Quote:
But what about the "ground wire, I assume that is connected/bonded to the chassis of the portable generator so, then wouldn't the ground wire in the trailer also be connected to the trailer chassis, and that in turn created a bond between the vehicle and generator (as long as the ground was good).
Truck and trailer DC systems are bonded together by hitching up the trailer to the truck, but not the AC systems; the truck is still isolated from the rest of the AC system, until and unless current leakage from the generator energizes it.

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Of course maybe that is what we are protecting....the circumstance where, for some reason, the ground goes away.
Not so much where the ground goes away, but where there's damage that causes the ground to be somewhere it's not designed to be. And in all cases, what we're protecting is human life, by making sure no one accidentally becomes a conductor in an electrical circuit.

Does this help, or make things worse?
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Old 05-25-2012, 02:07 PM   #18
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Sorta....till I start thinking about it again!
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Old 05-25-2012, 02:22 PM   #19
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Thanks Pro: gotta run now (going camping this weekend)...I might hit you up with a few more fine points later!
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Old 05-25-2012, 03:58 PM   #20
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As a safety professional in the construction field I will weigh in too...it depends.

Our COMPANY policy is you ground all generators.

OSHA basically says "Ask MOM" MOM being the Manufacturer's Owners Manual.

We have about 30 generators in the field at any given time. I have done an exhaustive review of ALL the owner's manuals. With a few notable exceptions of older units none of the them require grounding unless required by local code. I have worked on projects where they had to be grounded by a licensed electrician, other projects we could ground our own, on others yet no one cared what you did.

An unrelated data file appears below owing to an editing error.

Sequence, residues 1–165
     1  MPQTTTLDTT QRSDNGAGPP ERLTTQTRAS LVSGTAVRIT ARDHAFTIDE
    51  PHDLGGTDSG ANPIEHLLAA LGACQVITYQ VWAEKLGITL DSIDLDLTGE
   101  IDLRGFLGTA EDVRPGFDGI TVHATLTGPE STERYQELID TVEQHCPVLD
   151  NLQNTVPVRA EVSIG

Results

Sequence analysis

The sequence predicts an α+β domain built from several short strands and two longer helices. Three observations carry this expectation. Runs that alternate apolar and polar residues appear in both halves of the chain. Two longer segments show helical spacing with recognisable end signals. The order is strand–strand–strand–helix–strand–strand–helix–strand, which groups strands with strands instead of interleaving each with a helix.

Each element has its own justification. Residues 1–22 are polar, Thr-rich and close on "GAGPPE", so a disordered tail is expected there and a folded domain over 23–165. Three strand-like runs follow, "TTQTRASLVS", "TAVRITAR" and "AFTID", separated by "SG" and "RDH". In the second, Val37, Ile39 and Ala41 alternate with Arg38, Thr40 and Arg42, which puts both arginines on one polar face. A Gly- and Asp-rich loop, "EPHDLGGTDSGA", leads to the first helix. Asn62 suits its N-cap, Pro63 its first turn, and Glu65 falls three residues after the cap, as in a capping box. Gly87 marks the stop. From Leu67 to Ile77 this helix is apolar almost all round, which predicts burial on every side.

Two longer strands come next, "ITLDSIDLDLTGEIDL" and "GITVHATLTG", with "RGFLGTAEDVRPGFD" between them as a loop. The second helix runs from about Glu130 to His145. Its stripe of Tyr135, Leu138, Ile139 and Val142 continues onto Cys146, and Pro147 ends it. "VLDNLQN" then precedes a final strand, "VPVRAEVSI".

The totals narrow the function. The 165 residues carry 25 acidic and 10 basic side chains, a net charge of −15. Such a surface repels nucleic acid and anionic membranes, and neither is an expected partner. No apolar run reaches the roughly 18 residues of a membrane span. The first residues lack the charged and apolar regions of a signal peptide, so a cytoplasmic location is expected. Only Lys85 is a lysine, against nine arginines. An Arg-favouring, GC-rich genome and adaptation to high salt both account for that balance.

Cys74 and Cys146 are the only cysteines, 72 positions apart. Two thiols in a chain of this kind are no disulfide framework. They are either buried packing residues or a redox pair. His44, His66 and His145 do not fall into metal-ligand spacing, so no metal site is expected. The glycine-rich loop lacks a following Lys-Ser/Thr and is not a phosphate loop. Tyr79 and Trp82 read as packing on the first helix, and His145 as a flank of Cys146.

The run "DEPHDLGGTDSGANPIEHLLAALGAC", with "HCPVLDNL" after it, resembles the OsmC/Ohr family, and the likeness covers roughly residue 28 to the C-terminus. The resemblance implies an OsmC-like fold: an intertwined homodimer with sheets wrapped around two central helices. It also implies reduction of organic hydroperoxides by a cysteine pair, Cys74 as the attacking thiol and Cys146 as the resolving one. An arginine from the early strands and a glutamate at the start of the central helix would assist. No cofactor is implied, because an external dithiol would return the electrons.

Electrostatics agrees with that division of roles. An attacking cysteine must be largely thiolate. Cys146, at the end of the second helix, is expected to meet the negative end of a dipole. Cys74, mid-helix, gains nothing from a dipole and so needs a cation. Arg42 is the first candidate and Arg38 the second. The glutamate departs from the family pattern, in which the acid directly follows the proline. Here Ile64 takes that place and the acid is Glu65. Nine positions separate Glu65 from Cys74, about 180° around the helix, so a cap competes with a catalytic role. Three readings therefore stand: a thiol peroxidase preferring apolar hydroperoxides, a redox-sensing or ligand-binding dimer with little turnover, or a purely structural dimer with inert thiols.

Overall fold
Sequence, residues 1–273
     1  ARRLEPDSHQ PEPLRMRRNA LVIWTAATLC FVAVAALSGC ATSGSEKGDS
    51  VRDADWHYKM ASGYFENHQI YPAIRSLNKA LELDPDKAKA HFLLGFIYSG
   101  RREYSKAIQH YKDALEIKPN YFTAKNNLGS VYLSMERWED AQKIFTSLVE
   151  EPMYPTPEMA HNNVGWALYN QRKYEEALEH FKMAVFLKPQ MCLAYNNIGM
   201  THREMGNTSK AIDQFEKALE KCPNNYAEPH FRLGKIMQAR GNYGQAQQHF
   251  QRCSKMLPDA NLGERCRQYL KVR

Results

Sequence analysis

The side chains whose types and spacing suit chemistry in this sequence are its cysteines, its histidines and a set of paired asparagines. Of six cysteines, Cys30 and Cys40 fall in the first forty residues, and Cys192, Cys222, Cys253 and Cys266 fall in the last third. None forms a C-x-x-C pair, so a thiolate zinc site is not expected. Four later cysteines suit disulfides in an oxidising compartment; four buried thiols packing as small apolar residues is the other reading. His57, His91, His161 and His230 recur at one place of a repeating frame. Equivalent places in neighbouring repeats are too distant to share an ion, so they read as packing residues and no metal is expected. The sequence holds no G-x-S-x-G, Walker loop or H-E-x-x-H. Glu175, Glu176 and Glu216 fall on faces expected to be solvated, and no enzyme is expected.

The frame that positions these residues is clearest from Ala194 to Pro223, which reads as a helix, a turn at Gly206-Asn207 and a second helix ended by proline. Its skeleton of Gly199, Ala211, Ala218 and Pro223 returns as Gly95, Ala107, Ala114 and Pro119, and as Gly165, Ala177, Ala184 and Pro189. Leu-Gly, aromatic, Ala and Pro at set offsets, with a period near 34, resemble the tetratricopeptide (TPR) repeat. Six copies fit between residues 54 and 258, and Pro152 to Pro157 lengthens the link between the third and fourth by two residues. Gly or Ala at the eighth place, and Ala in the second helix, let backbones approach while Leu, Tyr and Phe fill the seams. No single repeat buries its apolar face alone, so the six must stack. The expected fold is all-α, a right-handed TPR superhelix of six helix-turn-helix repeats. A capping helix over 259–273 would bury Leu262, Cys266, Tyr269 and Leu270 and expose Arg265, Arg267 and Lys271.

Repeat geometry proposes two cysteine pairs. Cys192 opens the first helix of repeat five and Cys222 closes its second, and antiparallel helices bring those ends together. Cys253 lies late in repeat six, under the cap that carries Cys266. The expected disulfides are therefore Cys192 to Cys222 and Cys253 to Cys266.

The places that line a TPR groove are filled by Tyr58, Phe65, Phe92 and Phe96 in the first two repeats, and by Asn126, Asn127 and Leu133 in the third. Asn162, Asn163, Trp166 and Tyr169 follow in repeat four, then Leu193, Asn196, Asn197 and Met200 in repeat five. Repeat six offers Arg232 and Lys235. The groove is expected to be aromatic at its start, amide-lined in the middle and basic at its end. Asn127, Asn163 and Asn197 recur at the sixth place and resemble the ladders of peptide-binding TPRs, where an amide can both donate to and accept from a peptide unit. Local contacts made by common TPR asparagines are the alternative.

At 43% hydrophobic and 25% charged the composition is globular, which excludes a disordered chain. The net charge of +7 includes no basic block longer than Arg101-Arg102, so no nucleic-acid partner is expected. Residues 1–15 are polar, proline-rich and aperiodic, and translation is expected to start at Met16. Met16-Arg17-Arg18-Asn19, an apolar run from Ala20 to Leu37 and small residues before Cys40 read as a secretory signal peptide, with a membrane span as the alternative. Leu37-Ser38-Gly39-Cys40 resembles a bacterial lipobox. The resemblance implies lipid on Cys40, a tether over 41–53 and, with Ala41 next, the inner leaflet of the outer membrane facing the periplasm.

Personally I ground mine if at all possible to minimize risk.

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Old 05-25-2012, 05:57 PM   #21
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Pro,
Very well said.
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Old 06-05-2017, 04:51 PM   #22
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AC Ground

Protagonist:

I appreciate all the excellent info, but it seems the more I read the less I know...

So the 120V AC comes into the inside 120V breaker box from the exterior shore PWR panel. As I understand it the ground goes to the ground bus, the Neutral goes to the neutral bus and the hot goes to the rails via a lug or breaker.

From there the hot travels out through the breakers to appliances, sockets, lights etc, before feeding back to the ground bus.

When a generator becomes involved is the same true of the generator, so that the AC system essentially floats except for the shore power?

If an Inverter is added into the mix the hot goes into the interior 120V breaker box via a breaker, and the ground goes to the ground bus which it essentially shares with the shore, and the generator?

So that in the end the only ground is the shore power when it is connected??

While the DC floats completely separately using the DC- as ground so that in the end nothing attaches to the chassis of the trailer, but both AC and DC systems float, except for their link to shore power??